Italian Pro Continental team Nippo-Vini Fantini-Faizanè is set to fold at the end of the current season, with upcoming WorldTour reforms, the increased costs associated with them, and the reduced chance of securing a Giro d'Italia invite all cited as reasons for the team's closure.
The top level of professional cycling looks likely to expand to 20 teams in 2020, with 18 WorldTour teams and five ProContinental teams interested in applying for a spot. With a de-facto promotion and relegation system based on a retroactive points system in place, threat of a legal challenge from teams who understandably hadn't been preparing for the new system forced the UCI to expand the WorldTour. The reforms mean that there will likely only be two wildcard places available for the Giro d'Italia next season.
Speaking to La Gazzetta dello Sport, team manager Francesco Pelosi said, "With the 2020 reforms officialised, professional teams need a much bigger budget in the face of [relative] minor guarantees.
"In our case, we're talking about going from €2.8million to €4.5million in order to cover the increase in the number of riders and staff, and probably in order to access the UCI ProSeries (the new name for the Pro Continental rank) races, which could become fee-paying.
"There is no way to continue, and the only solution is to join forces [with another team]."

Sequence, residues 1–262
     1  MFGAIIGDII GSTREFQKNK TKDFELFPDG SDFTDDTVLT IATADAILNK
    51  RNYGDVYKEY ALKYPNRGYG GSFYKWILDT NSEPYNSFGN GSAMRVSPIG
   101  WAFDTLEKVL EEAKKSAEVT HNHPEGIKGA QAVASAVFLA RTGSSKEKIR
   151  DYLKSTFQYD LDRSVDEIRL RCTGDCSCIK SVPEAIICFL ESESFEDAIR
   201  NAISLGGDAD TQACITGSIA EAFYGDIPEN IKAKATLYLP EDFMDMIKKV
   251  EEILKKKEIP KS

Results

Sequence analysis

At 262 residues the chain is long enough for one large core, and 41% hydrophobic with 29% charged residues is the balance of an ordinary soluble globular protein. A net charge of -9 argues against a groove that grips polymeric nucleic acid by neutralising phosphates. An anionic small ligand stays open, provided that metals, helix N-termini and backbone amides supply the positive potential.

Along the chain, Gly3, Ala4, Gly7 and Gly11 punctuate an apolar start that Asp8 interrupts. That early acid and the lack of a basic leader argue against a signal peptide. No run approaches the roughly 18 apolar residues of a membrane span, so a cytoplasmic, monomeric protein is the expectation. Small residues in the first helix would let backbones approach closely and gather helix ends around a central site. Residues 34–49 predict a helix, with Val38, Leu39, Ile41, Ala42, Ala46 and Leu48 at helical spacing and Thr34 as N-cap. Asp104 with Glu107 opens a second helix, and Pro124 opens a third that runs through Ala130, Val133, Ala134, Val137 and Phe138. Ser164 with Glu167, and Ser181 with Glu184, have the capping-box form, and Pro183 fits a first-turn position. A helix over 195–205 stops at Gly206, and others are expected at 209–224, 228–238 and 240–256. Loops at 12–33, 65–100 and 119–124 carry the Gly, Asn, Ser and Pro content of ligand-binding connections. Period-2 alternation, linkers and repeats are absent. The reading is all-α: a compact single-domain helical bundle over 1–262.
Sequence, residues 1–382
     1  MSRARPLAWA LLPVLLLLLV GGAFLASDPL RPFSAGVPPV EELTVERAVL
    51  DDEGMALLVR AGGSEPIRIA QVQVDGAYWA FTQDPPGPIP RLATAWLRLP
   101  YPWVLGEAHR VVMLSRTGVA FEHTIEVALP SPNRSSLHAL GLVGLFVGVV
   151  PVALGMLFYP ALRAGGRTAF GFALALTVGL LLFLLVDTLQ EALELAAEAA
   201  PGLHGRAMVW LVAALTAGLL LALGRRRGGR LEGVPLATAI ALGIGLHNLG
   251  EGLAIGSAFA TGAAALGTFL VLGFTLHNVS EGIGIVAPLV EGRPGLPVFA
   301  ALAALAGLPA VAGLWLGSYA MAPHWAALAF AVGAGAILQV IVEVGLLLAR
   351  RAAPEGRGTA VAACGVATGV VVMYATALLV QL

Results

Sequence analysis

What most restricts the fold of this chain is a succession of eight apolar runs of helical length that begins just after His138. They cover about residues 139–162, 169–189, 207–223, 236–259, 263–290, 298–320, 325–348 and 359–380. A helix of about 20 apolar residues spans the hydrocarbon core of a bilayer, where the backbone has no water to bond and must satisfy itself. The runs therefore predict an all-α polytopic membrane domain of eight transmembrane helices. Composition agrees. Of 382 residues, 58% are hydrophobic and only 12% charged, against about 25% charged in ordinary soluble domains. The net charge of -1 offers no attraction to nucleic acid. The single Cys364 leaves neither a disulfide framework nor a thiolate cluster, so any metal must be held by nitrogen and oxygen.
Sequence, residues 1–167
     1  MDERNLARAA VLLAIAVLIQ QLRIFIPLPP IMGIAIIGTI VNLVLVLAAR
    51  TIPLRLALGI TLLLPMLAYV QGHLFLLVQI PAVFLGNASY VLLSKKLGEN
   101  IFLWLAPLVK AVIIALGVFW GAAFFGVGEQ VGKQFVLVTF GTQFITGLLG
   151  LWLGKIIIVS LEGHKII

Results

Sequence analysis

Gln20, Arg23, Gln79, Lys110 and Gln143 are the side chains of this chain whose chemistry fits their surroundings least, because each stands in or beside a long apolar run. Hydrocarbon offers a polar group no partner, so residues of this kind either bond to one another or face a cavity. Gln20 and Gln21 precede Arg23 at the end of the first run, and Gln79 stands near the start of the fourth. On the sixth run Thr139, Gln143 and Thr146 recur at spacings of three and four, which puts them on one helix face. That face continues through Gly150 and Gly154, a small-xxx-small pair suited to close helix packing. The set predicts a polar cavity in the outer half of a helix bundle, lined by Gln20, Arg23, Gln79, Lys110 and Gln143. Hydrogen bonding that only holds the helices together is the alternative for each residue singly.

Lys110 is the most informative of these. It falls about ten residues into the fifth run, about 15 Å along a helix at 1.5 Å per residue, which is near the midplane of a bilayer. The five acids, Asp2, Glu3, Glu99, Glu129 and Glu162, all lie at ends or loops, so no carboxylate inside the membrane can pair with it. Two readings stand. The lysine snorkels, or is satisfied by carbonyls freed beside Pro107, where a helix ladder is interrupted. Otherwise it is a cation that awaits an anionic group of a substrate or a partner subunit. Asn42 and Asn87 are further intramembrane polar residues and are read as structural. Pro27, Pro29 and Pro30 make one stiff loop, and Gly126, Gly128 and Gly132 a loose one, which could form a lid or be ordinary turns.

Earlier in the summer, there were rumours that the team could merge with fellow second-division squad Bardiani-CSF, though Pelosi didn't say whether that was ever seriously discussed.
After a two-year break from being invited to the Giro d'Italia, the team secured an invite to the race this season. On stage 18 they took their first-ever stage victory at the race, as Damiano Cima held off the peloton into Santa Maria di Sala.
With a 20-team WorldTour in 2020, and Nippo-Vini Fantini facing competition for two wildcard spots from Androni Giocattoli, Bardiani, Israel Cycling Academy and Neri Sottoli, the team's chances of returning to the biggest race of their season would hang in the balance.
Back in May, the Italian Cycling League presented an appeal against the UCI's reforms to EU anti-trust authorities. In a press release, the group argued that Italian cycling would be damaged based on factors that have little to do with sporting values, and that 'rules can't be changed without knowing the full details and without having time to assess the economic and sporting consequences.'
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